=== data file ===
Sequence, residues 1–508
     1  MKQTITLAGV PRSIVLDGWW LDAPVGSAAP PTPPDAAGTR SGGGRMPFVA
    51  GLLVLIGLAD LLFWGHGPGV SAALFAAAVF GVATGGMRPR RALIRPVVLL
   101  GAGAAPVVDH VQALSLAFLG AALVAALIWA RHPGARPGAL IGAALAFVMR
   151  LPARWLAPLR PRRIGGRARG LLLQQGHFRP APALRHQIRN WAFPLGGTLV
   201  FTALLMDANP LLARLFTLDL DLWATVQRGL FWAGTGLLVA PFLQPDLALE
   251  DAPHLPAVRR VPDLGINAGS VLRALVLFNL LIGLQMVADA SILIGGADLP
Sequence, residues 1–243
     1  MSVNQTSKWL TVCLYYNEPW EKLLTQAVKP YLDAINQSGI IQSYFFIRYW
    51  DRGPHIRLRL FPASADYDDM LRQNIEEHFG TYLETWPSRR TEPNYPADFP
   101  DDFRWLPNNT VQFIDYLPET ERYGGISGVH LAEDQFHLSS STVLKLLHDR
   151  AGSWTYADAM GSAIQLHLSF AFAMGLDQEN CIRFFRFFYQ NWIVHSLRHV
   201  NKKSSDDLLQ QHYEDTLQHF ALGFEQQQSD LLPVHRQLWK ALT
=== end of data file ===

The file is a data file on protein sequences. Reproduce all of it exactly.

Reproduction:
Sequence, residues 1–508
     1  MKQTITLAGV PRSIVLDGWW LDAPVGSAAP PTPPDAAGTR SGGGRMPFVA
    51  GLLVLIGLAD LLFWGHGPGV SAALFAAAVF GVATGGMRPR RALIRPVVLL
   101  GAGAAPVVDH VQALSLAFLG AALVAALIWA RHPGARPGAL IGAALAFVMR
   151  LPARWLAPLR PRRIGGRARG LLLQQGHFRP APALRHQIRN WAFPLGGTLV
   201  FTALLMDANP LLARLFTLDL DLWATVQRGL FWAGTGLLVA PFLQPDLALE
   251  DAPHLPAVRR VPDLGINAGS VLRALVLFNL LIGLQMVADA SILIGGADLP
Sequence, residues 1–243
     1  MSVNQTSKWL TVCLYYNEPW EKLLTQAVKP YLDAINQSGI IQSYFFIRYW
    51  DRGPHIRLRL FPASADYDDM LRQNIEEHFG TYLETWPSRR TEPNYPADFP
   101  DDFRWLPNNT VQFIDYLPET ERYGGISGVH LAEDQFHLSS STVLKLLHDR
   151  AGSWTYADAM GSAIQLHLSF AFAMGLDQEN CIRFFRFFYQ NWIVHSLRHV
   201  NKKSSDDLLQ QHYEDTLQHF ALGFEQQQSD LLPVHRQLWK ALT